Get Addicted to Abura Soba Right Here in Singapore

Get Addicted to Abura Soba Right Here in Singapore

You might just leave the Abura Soba shop wanting to go back for more. Don't say we didn't warn ya!

Mention the words “Japanese cuisine” and a myriad of mouth-watering images of ramen, sushi and green tea immediately pop into one’s mind (that is, unless you’ve been living under a rock your entire life, and your name is Patrick). When I mention Abura Soba to my friends, on the other hand, they usually react as if I just spoke to them in some alien language while gesturing Mr. Spock’s Vulcan Salute from Star Trek. Abura soba… what?

Read more: What to Eat in Japan: 23 Must-Try Foods Other Than Sushi

abura soba kajiken singaporeImage credit: Kajiken Singapore Facebook

The name Abura Soba (油そば) literally translates to “Oil Buckwheat Noodles”, even though the noodles are more like ramen noodles rather than the Soba noodles we are all accustomed to. Originating from Tokyo in the 1950s, Abura Soba is, in essence, just dry ramen with a different type of sauce used in place of the soup. Diners can then add chilli oil and vinegar (as well as other ingredients depending on the shop) to spice up the dish to their own tastes.

However, even among Japanese, Abura Soba is not really that well known, seeing that food streets are usually dominated by Izakayas (bars) and other Ramen/Sushi shops, with a few Abura Soba speciality shops lying around here and there. Even my own Japanese teacher did not know what Abura Soba was until I explained it to her. During my exchange in Tokyo last year, I had the pleasure of discovering this small little shop next to my dormitory selling Abura Soba, and got hooked on it ever since. It remains, to this day, my favourite dish in Japan, as well as being the main reason I gained weight in Japan.

abura soba kajiken singaporeImage credit: Hideya HAMANO

Alas, after my exchange ended, I left Japan with a tinge of regret, having only tried the Abura Soba shops near to my area instead of going further for a food hunt. Upon coming back, I was ecstatic to find out that there was an Abura Soba shop opening here in Singapore as well! The fats in my tummy resonated with excitement and called out to me on a spiritual level, telling me that it was my destiny to try it. So I did. Was it as good as the one in Japan though?

Well, no. But it was pretty darn close.

The shop, Kajiken, is located next to Orchid Hotel in Tanjong Pagar, where many other authentic Japanese restaurants are currently situated at. After doing some research, it seems that Abura Soba has been sold in Singapore in other Ramen restaurants, usually as a soup-less alternative to their usual menu. Kajiken, however, is the first restaurant to specialize in only Abura Soba, and nothing else.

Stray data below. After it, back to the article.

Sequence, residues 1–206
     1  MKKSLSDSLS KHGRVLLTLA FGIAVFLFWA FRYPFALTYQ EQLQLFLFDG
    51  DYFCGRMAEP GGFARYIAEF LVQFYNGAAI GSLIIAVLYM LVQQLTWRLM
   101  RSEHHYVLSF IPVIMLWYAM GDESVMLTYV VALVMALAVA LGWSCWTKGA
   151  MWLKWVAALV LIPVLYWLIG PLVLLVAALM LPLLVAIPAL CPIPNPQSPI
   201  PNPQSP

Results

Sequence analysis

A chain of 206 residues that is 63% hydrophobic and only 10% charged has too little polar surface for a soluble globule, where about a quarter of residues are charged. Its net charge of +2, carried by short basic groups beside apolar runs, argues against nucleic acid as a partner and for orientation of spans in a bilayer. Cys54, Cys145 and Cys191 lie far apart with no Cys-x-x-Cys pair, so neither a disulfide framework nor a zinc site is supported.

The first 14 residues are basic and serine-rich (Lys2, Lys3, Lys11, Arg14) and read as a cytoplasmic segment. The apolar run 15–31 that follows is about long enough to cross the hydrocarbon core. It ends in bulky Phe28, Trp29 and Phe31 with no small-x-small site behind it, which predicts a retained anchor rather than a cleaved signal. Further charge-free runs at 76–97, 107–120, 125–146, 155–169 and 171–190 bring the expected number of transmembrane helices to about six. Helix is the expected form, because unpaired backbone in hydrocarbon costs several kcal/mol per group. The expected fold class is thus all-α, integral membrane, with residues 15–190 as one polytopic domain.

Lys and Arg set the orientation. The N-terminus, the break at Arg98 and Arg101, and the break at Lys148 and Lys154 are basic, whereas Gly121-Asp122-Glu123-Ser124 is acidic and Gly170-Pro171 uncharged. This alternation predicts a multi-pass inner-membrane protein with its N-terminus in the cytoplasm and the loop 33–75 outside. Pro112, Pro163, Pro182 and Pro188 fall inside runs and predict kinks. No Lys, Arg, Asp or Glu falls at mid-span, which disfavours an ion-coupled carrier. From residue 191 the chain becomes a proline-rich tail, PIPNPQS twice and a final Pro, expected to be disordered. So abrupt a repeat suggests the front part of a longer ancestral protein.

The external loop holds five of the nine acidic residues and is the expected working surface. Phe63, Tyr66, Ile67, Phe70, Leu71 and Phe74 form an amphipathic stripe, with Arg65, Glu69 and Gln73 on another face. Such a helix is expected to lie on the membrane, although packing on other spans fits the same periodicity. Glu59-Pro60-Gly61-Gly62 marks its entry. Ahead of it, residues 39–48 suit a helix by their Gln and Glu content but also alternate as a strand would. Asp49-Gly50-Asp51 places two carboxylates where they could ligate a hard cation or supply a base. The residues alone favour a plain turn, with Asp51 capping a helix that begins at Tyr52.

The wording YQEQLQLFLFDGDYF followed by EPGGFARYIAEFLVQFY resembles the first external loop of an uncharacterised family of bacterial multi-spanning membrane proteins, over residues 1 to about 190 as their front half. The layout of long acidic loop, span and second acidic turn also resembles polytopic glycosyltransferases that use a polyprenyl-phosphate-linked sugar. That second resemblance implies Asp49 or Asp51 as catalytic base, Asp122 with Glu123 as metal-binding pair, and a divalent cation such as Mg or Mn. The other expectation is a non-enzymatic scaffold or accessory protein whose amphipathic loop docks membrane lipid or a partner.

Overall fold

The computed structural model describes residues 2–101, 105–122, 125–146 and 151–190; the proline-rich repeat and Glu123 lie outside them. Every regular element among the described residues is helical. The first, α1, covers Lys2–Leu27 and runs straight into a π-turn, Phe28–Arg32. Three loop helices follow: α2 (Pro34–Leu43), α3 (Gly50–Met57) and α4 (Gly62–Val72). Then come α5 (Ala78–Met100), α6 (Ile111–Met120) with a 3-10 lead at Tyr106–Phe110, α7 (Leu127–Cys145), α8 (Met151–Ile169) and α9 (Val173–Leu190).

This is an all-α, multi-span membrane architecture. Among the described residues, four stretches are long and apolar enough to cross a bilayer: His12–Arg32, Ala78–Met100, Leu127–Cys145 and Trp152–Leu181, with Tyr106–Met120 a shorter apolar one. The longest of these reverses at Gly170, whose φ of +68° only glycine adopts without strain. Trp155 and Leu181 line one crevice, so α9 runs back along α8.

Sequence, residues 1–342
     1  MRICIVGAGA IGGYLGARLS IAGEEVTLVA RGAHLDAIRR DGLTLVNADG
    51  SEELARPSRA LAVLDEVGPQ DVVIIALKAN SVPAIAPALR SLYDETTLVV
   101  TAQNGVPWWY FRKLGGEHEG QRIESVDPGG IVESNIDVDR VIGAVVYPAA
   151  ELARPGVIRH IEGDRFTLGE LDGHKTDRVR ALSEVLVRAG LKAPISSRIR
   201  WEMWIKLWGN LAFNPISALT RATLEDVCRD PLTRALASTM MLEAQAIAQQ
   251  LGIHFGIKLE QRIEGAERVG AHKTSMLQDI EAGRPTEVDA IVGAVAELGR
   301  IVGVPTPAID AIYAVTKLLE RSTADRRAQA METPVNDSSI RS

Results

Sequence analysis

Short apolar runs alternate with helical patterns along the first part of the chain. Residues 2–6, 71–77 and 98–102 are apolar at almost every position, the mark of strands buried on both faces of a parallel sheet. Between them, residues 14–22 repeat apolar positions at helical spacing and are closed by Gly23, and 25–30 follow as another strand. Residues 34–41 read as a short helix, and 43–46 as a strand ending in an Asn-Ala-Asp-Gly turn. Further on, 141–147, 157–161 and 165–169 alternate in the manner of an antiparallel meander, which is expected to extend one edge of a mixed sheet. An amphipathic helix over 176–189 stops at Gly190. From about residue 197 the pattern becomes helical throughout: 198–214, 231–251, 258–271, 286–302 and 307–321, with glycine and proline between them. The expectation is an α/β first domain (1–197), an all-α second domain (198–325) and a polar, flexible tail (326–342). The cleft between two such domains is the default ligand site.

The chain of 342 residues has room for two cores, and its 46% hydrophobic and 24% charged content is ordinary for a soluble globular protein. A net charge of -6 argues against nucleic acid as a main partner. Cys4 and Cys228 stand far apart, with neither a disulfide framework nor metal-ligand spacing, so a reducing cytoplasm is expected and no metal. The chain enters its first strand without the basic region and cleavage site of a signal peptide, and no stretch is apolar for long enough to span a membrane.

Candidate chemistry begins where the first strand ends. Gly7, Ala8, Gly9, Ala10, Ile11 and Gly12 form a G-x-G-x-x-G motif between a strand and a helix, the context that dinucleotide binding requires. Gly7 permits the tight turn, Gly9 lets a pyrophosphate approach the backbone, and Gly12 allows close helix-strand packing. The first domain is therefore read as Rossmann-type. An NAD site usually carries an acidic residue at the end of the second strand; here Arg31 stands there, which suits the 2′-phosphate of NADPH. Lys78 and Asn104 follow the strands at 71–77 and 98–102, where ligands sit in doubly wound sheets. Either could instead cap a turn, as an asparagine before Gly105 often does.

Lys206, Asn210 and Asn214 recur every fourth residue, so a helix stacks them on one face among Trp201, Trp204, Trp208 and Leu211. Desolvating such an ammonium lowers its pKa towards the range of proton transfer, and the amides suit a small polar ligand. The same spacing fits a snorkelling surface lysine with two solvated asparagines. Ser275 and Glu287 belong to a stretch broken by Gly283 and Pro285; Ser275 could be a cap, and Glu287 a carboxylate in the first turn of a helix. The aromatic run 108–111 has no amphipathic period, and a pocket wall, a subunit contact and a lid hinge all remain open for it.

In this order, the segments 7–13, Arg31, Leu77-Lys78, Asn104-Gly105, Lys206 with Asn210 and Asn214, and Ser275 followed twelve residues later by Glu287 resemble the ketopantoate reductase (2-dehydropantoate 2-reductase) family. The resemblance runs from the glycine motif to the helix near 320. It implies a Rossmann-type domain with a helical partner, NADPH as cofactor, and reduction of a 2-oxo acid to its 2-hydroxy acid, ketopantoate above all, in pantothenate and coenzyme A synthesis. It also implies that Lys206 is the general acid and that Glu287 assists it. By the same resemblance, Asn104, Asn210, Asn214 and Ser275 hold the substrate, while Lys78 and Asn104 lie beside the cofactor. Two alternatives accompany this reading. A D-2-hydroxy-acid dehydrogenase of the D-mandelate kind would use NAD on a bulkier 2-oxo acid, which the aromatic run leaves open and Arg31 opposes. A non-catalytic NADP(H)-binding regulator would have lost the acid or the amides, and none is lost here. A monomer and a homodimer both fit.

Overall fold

Image credit: Kajiken Singapore Facebook

After being seated in the small but cosy restaurant, you are presented with a menu with multiple different dishes, but in reality they are just the same noodles with different toppings. I usually go for the pork belly toppings, but some of my friends prefer the Taiwanese style with minced pork and vegetables. After ordering, the waitress will serve you this small, alcoholic shot sized cup with soup inside for you to drink while waiting for your meal. The soup is just the right thickness for me and the taste is delicious, but not too overwhelming (I think it is chicken soup?). After about 5 minutes or so of waiting and staring awkwardly at the chefs and reading the instructions on the wall approximately 27 times, you will be presented with a bowl of dry noodles with topping scattered on top. Your next sentence will be: “What, so that’s it?”

Nope, now it’s time to put that 27 times of reading the instructions on the wall to practice. In accordance to the wonderfully painted directions on the wall, mix the noodles with the sauce hidden at the bottom of the bowl evenly for about 20 seconds, or until you feel that the sauce has been evenly spread out. Taste the noodles, and if the taste is not strong enough for you, add a few rounds of vinegar and chilli oil from the bottles provided on the table, and taste again. Repeat until you get your desired taste, or until you get weird and disgusted stares from diners around you for using so much vinegar.

Abura Soba would be very similar in style to the Chinese dish Zha Jiang Mian, but the taste is completely different. If thick flavoured dishes aren’t really your thing, you probably won’t really fall in love with Abura Soba. On the other hand, if you are into heavily flavoured food, do give this a shot. You might just leave the shop wanting to go back for more.

Price wise, I usually pay about $14 -$18+ (including GST) which is about twice of what I paid for back in Tokyo, but considering it’s Singapore the price is rather decent. All noodles come with an option to add 1.5x noodles for free, as well as various extra toppings for a few dollars each.

Read more: 24 Super Fun Things to Do in Tokyo on Your Very First Visit

So here we have a short review of Kajiken’s Abura Soba, but if you were too lazy to even read the short 820 word article above, then all I can say is, GO AND TRY IT. What’s the worst that could happen? *Hides weighing scale under bed*  

About Author

Shao Hua
Shao Hua

Currently a life science undergraduate in NUS, Shao Hua enjoys taking photos, hanging out with friends, volunteering at local animal shelters, all things Japanese and planning for holidays that he will probably never have enough money to go on. Also like referring to himself in the third person.


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